"The peculiar quality of "joy" in successful Fantasy can thus be explained as a sudden glimpse of the underlying reality of truth."

- J.R.R. Tolkien
I am the reconciler

Any author, if he can’t claim to be a commercial success, will find comfort in discovering that he’s got what they call a “cult following.” I’m bemused to discover that I seem to be developing a cult following of my own in an area where I’d never have looked for it—pastors and theologians of the Lutheran Church, Missouri Synod.

Professor Gene Edward Veith and Concordia Publishing House publisher Paul T. McCain were early boosters, for whose support I’m extremely grateful. More recently I’ve added “Aardvark” of Aardvark Alley and Pastor Charles Lehman, who posted the following measured evaluation of Troll Valley on Facebook last night:

Lars Walker is a genius. This is indisputable fact and not up for debate. If you disagree with me then one or more of the following are true:

1. You've never read any of his books.
2. You're an idiot.
3. You are a vampire or some other variety of mythical being that lacks a soul.
4. You are Kristin Cashore or Stephanie Meyer.*

*Yes, I do realize that after writing #3 that #4 is redundant.

A recent addition is theologian Dr. Jack Kilcrease, who blogs at Theologia Crucis.

“And this surprises you, how?” you ask. “They’re Lutherans. You’re Lutheran. Sounds more like incest than Romeo and Juliet.”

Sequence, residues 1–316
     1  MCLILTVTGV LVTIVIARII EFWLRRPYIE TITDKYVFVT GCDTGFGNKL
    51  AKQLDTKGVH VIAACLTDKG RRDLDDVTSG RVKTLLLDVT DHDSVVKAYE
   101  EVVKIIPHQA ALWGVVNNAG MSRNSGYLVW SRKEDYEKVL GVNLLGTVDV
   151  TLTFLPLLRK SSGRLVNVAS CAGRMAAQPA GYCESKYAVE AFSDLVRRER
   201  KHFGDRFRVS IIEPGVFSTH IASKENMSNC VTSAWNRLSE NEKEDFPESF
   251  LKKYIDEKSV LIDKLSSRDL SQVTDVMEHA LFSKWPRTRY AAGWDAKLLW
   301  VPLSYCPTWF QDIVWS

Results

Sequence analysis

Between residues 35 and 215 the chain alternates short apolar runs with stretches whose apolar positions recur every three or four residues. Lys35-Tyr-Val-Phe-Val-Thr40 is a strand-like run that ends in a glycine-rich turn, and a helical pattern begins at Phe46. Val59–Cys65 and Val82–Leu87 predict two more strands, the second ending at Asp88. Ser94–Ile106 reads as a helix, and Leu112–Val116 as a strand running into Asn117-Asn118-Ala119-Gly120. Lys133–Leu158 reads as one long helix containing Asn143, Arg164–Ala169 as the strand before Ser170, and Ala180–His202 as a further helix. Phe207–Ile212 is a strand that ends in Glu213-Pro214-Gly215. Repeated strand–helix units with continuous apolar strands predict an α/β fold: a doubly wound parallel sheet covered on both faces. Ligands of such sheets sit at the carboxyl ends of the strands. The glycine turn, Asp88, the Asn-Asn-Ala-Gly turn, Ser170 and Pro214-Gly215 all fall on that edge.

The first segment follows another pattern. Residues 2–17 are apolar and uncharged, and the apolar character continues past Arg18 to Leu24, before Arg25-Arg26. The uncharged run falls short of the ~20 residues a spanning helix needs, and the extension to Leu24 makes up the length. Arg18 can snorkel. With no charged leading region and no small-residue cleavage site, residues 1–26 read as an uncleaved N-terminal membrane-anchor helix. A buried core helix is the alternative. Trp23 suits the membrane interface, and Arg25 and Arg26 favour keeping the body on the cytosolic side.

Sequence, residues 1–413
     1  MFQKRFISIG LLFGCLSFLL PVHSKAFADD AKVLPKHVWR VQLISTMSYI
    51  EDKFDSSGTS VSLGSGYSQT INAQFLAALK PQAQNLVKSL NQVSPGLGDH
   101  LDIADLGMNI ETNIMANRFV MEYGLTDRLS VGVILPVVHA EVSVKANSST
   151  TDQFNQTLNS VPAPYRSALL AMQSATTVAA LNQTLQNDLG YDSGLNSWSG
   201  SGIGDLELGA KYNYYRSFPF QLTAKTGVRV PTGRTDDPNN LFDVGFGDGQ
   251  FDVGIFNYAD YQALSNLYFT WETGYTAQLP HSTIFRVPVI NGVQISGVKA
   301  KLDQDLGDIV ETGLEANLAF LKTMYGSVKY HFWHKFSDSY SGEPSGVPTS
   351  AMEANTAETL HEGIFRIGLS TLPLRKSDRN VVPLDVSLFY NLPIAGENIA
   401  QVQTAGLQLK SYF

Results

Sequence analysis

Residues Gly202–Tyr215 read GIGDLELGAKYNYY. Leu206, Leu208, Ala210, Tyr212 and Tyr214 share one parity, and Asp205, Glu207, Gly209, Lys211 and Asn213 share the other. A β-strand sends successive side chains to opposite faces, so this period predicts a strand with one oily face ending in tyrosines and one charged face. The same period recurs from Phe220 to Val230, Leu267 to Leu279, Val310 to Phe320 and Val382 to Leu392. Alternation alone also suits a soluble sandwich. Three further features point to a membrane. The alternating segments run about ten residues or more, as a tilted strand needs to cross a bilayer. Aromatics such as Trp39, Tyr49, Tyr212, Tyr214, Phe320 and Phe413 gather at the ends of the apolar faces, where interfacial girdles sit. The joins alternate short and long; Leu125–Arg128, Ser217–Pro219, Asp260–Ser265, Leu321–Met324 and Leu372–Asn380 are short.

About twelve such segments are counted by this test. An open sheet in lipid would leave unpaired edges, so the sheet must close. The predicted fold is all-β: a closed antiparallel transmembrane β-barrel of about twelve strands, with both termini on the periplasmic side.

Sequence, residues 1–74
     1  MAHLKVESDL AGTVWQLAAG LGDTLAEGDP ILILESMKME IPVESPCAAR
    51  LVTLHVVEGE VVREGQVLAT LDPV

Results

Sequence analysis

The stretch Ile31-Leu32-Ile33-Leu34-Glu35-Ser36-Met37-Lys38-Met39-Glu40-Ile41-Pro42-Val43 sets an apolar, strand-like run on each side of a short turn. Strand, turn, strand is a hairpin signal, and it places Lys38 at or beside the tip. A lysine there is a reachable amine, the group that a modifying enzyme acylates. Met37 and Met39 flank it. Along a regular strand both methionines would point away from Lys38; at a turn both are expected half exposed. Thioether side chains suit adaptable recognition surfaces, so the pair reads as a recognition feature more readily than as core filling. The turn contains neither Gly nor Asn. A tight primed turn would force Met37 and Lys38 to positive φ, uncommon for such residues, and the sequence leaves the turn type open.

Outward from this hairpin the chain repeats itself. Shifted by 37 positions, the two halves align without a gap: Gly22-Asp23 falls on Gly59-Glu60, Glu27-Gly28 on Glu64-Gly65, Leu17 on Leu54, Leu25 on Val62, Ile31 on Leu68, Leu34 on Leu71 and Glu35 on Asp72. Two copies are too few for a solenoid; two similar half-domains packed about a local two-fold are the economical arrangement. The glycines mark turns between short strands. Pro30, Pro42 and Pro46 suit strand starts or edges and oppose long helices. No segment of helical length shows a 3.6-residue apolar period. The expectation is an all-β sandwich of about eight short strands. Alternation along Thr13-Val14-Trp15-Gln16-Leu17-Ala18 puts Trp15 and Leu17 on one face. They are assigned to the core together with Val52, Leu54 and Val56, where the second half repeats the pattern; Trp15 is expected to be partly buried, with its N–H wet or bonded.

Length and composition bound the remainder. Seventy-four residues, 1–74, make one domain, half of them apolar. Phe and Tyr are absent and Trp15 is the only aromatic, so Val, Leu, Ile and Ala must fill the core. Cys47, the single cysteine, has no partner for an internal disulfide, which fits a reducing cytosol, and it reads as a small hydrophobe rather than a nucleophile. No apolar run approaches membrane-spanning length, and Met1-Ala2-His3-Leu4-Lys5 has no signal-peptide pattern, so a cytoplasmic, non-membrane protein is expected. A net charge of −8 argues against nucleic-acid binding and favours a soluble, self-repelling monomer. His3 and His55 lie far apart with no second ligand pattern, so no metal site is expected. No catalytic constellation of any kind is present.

Ah, but that’s because you don’t know the history of Lutheranism in America. Between Missouri Lutherans and Free Lutherans like me, a great gulf has historically been fixed.

As it happens, I’m just now editing this year’s issue of the Journal of the Georg Sverdrup Society, and the subject is “Sverdrup and Lay Activity.” This was the rock on which Lutheran unity in America foundered for generations, and it formed a solid barrier between Them and Us.

You see, there’s an article in The Augsburg Confession that says, “It is taught among us that nobody should publicly teach or preach or administer the sacraments without a regular call.” This was traditionally interpreted to mean that no lay person, except in the greatest emergency (maybe) would be allowed to teach in any way or to administer the sacraments. In its full-blown form, it actually delayed the development of Lutheran foreign missions for some time, because a pastor could only be “regularly called” by an existing congregation in a particular area. In heathen lands there were no existing congregations, and so there could not be a regular call at all. Tough luck, lost souls.

My people, the pietists, held to a looser view of this article (it must be admitted that, at the time, we were the crazy liberals, since the liberal/conservative divide was drawn along the lines of the rights of the laity, rather than the authority of Scripture). The Haugean movement, my tradition, was born in the preaching of a laymen who eventually suffered years in prison for usurping the preaching and teaching powers of a pastor.

In America, the two great Lutheran factions (speaking very broadly; there were numerous sub-factions) were those who favored lay activity and those who desired to recreate, as much as possible, the state churches of Europe with their pastoral privileges.